Children in this age group may also be disturbed by some of the above-mentioned scenes.
Children aged eight to thirteen are most likely to be frightened by realistic threats and dangers, violence or threat of violence and / or stories in which children are hurt or threatened.
Children in this age group may also be disturbed by some of the above-mentioned scenes. Of particular concern are:
- The scene depicting Dementors attacking Harry and Dudley.
- Images of Lord Voldemort.
- Images of Dolores Umbridge as an unstable, vengeful, woman.
- Images of the house elf.
- The fantasy skeleton horse-like creatures with wings
- Scenes in the epic battle at the end of the film.
Children over the age of thirteen are most likely to be frightened by realistic physical harm or threats, molestation or sexual assault and / or threats from aliens or the occult.
Some children over 13 may also be disturbed by some of the scenes described above, particularly images of the Dementors and Voldemort’s reptilian-like appearance.
None of concern
Harry Potter and the Order of the Phoenix contains a few mild sexual references. Examples include:
- In one scene Harry is told that Cho couldn’t take her eyes off him.
- When Harry is asked what it was like to kiss Cho he said it was “wet.”
- When reference was made to Cho’s melancholy mood Ron stated, “Snogging would cheer her up.”
Nudity and sexual activity
The film contains no nudity and some occasional low level sexual activity including:
- In a couple of scenes Cho looks at Harry with romantic eyes.
- In one scene Harry and Cho engage in a long passionate kiss on the mouth.
- Bellatrix Lestrange is seen as a sensuous witch wearing a black tight fitting dress that exposes a degree of cleavage.
Use of substances
There is some use of substances in this movie, including:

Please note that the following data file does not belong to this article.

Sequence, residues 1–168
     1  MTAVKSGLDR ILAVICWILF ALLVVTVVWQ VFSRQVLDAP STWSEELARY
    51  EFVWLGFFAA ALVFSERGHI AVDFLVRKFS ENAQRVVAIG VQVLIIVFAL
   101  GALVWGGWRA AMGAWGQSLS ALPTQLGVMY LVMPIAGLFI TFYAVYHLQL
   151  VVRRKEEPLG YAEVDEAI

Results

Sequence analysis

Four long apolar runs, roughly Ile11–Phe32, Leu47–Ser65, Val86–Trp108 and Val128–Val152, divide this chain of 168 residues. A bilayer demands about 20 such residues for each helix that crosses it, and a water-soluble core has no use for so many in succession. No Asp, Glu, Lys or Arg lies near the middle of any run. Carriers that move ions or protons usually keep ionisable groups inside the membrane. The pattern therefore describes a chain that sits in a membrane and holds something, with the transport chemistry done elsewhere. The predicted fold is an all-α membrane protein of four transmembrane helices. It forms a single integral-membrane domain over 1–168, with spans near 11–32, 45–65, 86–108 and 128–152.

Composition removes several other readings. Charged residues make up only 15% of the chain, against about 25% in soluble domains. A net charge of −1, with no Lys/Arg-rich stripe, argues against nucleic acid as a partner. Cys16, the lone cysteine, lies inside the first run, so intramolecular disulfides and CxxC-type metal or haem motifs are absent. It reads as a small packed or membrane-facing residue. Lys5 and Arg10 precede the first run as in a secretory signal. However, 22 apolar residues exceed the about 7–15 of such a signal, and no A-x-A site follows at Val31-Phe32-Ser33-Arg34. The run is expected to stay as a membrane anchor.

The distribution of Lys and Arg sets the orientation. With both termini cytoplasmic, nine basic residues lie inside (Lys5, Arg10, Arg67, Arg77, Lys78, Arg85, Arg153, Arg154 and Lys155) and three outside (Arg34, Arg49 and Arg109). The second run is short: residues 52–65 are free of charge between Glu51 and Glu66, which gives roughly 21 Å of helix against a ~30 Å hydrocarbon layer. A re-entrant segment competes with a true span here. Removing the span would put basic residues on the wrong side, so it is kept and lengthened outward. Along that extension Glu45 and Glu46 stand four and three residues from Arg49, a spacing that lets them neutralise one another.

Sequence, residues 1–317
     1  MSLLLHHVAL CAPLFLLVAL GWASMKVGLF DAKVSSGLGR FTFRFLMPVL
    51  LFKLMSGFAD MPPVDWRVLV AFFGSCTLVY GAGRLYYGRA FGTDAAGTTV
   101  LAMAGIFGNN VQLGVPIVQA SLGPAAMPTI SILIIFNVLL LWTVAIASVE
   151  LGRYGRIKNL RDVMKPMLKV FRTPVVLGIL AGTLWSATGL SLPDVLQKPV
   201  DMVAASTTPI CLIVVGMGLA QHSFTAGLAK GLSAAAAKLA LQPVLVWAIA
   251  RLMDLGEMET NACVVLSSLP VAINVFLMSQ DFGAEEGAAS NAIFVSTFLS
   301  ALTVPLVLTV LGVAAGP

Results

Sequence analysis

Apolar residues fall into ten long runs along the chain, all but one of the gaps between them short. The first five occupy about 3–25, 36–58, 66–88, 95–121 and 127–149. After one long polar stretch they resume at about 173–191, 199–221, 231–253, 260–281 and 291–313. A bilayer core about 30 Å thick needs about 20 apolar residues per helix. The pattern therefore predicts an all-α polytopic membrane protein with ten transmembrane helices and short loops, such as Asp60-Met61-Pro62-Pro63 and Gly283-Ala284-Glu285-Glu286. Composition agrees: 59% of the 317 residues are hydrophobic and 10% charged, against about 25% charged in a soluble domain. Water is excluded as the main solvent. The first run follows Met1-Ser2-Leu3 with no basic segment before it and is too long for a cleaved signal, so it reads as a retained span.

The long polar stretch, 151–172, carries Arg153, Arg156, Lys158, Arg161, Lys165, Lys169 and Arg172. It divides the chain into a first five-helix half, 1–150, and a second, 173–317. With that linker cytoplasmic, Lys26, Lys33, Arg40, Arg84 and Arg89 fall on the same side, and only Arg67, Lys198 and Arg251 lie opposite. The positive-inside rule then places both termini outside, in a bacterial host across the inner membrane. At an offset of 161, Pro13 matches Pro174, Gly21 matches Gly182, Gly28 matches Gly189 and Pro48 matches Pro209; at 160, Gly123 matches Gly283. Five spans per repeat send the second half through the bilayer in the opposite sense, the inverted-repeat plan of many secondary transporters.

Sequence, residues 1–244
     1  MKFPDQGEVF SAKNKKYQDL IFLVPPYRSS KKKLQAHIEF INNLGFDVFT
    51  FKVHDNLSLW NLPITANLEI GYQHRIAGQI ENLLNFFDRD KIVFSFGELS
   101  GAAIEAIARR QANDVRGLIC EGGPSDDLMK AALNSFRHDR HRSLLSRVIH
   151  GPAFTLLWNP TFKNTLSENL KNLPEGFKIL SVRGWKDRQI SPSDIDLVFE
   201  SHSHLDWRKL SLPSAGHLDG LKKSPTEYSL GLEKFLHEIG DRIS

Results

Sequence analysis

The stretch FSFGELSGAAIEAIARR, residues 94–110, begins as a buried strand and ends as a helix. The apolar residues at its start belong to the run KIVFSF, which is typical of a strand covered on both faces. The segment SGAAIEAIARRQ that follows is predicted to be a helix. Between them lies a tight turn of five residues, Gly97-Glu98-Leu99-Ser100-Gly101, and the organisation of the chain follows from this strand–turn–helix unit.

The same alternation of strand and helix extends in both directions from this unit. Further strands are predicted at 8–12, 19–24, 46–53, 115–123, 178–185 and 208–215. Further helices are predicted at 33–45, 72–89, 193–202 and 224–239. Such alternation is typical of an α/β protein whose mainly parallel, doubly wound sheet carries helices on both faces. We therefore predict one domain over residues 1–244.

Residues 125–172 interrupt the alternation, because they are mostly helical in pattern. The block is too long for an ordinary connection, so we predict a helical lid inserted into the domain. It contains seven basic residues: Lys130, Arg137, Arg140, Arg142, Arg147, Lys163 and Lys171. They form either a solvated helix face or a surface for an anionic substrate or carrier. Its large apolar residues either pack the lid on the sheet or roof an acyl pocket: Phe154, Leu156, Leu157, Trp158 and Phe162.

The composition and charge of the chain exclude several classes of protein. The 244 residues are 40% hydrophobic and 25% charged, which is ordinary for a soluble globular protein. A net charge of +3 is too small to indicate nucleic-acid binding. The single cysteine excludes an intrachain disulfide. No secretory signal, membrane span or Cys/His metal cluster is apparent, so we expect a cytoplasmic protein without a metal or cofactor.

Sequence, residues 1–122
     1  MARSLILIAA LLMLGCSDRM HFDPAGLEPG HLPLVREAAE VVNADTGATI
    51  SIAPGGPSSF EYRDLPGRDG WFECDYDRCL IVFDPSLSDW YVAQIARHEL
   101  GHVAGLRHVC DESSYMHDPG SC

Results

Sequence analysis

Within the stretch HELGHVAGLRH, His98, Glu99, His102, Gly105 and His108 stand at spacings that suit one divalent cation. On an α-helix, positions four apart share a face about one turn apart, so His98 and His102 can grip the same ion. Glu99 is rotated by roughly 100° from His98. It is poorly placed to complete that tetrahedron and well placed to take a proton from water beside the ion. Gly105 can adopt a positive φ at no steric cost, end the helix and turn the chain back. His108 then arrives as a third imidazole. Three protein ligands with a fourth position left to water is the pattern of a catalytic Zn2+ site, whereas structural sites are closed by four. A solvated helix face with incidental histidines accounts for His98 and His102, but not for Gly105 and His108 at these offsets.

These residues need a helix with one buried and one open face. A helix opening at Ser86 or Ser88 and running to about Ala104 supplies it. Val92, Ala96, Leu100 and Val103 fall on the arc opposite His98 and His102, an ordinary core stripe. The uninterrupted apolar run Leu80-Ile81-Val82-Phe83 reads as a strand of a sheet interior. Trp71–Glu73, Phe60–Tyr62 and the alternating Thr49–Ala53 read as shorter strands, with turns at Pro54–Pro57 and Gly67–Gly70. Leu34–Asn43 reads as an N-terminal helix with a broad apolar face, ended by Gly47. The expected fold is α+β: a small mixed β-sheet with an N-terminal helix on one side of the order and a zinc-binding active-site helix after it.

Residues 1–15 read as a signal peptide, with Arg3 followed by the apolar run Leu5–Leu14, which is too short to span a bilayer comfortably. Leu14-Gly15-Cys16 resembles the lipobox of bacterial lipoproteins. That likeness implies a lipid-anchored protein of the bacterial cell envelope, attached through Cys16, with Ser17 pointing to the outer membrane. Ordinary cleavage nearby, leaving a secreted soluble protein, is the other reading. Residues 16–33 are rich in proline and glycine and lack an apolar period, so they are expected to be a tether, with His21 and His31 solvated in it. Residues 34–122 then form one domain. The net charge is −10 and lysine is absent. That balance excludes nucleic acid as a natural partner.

- At a family dinner some of the adults have a full glasses of beer in front of them but they are not seen drinking.
- At a Christmas dinner glasses of wine are on the table, but people are not seen drinking.
- Dolores Umbridge asked professor Snape to give Harry a truth potion/drug, but Snape refused saying that he had run out of the potion after already having use all of his supplies up on Harry previously.
There is some occasional low level coarse language and put-downs which in some cases are racist. Examples include:
- “Shut up;” “Stupid mother;” “Bloody hell;” “Old toad face;” “Toss pot;” “Bloody idiot;” “Filthy half breeds;” “Mad filthy half bloods.”
In a nutshell
Harry Potter and the Order of the Phoenix is a supernatural action film with spectacular special effects. It is darker and moodier than previous films, focusing on Harry’s struggle with his coming of age and confrontation of inner demons as well as issues of power and authority. This makes the film more suited to older teenagers and adults. One of the main messages in the film relates to how Harry Potter valued and viewed himself. Harry is told that what is important in life is not what happened to us previously in life, but the choices we make and how we act on those choices.
Values in this movie that parents may wish to reinforce with their children include:
- Working with others to triumph over adversity.
- Being willing to risk one’s life to protect loved ones.
- Supporting and standing by friends.
This movie could also give parents the opportunity to discuss with their children attitudes and behaviours, and their real-life consequences, such as.
- Racism and discrimination
- Stereotyping of some characters
- School discipline